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    Wow. By far one of the more detailed displays of Indian artifacts I have seen in my life. They theme is to take you from the BC times when Indians migrated to the North American continent and settled throughout. It is estimated there may have been as many as 30 million Indians at one time. A number of Indian collectors donated their items to the museum, and they are very wonderful. Thousands of arrowheads and tools, but also clothing, and displays of everyday life going through the various periods of evolution of the Indians.
    Donation is appreciated, and there is no charge-but pay them for the work put in to maintain and preserve. Hours are 9-5 Mon-Sat.

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    Compton Gardens

    by BruceDunning Updated Apr 30, 2009

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    Carved stone monument in entry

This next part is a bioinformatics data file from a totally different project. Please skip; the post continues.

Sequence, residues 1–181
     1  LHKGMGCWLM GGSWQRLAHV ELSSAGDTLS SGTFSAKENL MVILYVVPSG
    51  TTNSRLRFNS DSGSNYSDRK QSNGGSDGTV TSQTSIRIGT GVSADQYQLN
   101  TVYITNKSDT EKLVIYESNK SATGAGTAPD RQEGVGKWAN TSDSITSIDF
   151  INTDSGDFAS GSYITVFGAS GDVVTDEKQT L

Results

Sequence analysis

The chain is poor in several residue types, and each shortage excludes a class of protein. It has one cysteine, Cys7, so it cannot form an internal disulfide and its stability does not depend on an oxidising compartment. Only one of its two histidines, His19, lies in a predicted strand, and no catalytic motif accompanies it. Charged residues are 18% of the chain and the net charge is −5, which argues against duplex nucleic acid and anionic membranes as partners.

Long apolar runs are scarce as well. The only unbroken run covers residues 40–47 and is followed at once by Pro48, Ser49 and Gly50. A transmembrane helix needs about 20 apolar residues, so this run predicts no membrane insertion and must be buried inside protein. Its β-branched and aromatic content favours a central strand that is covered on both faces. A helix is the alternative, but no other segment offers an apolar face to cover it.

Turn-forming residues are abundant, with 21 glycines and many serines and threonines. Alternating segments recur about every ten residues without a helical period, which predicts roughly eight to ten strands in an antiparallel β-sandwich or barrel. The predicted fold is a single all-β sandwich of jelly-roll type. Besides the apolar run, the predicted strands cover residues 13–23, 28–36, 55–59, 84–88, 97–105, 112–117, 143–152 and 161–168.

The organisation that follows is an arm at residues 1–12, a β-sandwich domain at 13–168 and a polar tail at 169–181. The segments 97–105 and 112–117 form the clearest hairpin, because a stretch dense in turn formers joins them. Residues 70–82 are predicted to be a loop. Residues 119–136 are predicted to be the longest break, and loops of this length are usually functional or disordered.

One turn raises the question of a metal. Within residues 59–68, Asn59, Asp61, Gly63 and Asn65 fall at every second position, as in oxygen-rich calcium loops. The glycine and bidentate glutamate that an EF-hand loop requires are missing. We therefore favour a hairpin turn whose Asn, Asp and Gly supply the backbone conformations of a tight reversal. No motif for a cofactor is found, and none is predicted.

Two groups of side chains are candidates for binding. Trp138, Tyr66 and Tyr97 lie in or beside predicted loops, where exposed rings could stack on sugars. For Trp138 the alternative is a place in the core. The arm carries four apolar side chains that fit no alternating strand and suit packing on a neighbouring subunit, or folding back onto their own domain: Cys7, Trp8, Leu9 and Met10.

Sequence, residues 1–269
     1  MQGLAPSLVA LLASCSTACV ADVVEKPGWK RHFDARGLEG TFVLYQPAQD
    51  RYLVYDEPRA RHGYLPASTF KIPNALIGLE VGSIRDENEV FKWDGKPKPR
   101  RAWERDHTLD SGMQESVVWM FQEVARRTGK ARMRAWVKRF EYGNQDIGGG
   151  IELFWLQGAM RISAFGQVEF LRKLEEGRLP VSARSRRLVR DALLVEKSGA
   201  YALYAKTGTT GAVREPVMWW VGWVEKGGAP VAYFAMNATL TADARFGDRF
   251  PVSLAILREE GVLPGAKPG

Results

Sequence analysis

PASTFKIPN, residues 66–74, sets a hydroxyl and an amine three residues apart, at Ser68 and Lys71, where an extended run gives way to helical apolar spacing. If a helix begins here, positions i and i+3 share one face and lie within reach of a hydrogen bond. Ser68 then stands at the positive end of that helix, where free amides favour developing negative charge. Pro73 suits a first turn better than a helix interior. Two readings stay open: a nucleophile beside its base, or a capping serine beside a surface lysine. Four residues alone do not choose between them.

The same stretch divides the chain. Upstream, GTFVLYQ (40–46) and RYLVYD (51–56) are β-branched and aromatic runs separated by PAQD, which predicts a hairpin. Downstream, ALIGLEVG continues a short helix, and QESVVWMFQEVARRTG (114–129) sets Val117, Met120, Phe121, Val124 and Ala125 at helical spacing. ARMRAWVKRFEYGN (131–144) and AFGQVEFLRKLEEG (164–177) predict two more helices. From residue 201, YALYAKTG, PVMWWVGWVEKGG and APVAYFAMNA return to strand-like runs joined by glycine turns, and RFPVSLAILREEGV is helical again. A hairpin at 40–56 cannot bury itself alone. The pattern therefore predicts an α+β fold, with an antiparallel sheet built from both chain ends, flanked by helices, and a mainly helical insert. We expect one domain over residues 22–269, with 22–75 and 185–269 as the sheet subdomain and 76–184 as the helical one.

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    This was the home of Neil Compton, a physician as a career. He also was an avid crusader to preserve nature. His big project was to get people interested in preserving the Buffalo River, and today it stands as a show piece of what preserved nature can be like. The home and 6.5 acres was donated by Compton estate in 2002, after he died in 1990's. It is a mostly wooded area, that has some trails going about 1/2 mile, or so. It is okay to view, but somewhat small and not colorful. It is the woods in the center of town is the purpose.

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    Pea Ridge BAttefiled

    by BruceDunning Updated Apr 29, 2009

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    Brochure of the battle